Further, when confronted with a situation in which a lie seems expedient and beneficial, the mental calculus we perform often suggests that lying—despite the theoretical risk—is almost always a safe choice. That is, most of the time we really do find ourselves getting away with it. So we continue to think of lying as a useful tool.
What’s more, some—perhaps even most—might argue that in some circumstances it’s actually better to lie than to tell the truth. And while I’m not certain whether I agree, I can say—and I’m confident most would concur—the only circumstances in which this might conceivably be true are those in which we lie as an attempt to prevent harm. From telling our spouse that she looks good when we think she doesn’t to telling the Nazis at our doorstep that no Jews live in our house when we’re hiding an entire family of them in our attic, lying out of compassion represents perhaps the only reason we would accept—even hope—for a lie, meaning the only reason we would consider lying virtuous, right, and good.
I might argue in most circumstances such as these, however, it’s still better to tell the truth. It may, in fact, be better to lie to the Nazis at your door, but how often do they actually show up? And when it comes to the kind of situations most of us must deal with in the course of our daily lives, is it really better to tell your spouse she looks good when she doesn’t? Or is it better make a habit of being tactfully honest so she can trust you more than anyone else to tell her the truth when she really wants and needs to hear it?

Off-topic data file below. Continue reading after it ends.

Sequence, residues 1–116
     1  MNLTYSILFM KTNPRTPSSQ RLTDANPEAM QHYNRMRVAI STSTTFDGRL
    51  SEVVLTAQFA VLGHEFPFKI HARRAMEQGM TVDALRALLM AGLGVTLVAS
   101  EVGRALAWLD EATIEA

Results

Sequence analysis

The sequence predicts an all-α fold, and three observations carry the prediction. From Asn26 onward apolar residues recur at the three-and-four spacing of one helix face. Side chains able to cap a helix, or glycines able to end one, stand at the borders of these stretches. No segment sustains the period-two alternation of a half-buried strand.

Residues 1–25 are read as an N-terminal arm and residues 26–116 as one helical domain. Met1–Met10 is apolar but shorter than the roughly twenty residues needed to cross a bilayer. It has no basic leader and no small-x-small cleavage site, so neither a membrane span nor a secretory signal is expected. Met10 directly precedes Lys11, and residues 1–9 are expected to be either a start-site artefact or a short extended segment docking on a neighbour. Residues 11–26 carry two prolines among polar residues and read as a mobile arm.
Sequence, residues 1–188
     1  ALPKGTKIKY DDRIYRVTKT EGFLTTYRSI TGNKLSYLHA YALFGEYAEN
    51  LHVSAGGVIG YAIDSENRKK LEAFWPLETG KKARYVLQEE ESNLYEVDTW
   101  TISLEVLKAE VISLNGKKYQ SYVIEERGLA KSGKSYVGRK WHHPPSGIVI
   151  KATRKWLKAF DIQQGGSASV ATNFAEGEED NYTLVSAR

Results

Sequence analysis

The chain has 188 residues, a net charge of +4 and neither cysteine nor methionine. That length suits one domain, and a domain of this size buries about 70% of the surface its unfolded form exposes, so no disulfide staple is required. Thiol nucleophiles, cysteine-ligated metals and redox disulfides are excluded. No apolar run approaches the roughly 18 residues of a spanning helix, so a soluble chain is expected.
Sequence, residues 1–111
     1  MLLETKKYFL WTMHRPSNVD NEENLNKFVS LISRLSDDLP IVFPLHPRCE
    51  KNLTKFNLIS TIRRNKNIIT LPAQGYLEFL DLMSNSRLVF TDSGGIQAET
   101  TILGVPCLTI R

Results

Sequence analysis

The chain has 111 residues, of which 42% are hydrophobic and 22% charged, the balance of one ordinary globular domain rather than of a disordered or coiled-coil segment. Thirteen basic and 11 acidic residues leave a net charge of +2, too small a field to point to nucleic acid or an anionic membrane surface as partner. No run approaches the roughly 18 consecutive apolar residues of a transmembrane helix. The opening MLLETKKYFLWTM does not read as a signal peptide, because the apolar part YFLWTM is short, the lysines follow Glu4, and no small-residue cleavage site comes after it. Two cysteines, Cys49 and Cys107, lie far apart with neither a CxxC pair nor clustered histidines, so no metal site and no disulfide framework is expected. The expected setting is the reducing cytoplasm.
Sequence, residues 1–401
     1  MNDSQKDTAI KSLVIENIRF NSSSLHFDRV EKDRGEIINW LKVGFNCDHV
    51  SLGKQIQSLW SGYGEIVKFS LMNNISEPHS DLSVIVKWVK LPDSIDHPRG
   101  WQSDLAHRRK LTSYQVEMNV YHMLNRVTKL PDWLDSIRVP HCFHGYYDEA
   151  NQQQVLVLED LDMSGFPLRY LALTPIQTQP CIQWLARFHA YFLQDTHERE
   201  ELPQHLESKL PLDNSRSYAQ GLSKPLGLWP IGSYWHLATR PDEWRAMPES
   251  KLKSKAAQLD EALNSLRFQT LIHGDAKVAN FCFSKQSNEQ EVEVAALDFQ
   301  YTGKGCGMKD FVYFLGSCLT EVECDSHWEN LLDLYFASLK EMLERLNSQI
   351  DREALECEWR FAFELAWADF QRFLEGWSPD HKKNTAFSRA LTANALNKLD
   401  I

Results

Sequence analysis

I would argue that whatever benefit we might obtain even from lying to protect someone else, that in most circumstances honesty is a better policy. If your spouse really does get upset for hearing that she doesn’t look good in that dress, doesn’t that suggest an underlying issue that should be examined, one in fact that you’re deliberately avoiding by telling that lie?
Finally, there’s a wonderful, if subtle, benefit to aiming to tell the truth in as many circumstances as we can that turns out to be the only reason that I find actually gives me pause when I’m tempted not to: a dedication to honesty motivates us to strive to become all the good things lying helps us pretend we already are. Whenever we come up against one of the reasons I mentioned above for lying (apart from trying to prevent harm), it unmasks a character defect we then have the opportunity to change. To live with the intent of avoiding any action that we’d ever feel the need to cover up leads to a remarkably stress-reduced life. This, then, is the reason that most motivates me not to lie.
Imagine developing a reputation for tactful but complete honesty upon which others know they can always rely. What an invaluable resource you’d become! People who say they want to hear the truth but are in reality more interested in being praised will quickly learn either not to ask you for your views or that the value of hearing the truth, no matter how painful, is greater than keeping their egos protected because it affords them the opportunity to reflect and self-improve. Others often have a far more accurate perspective on our character flaws than we do. If we’re genuinely interested in improving ourselves or our work, what we need from them isn’t flattery; it’s the truth.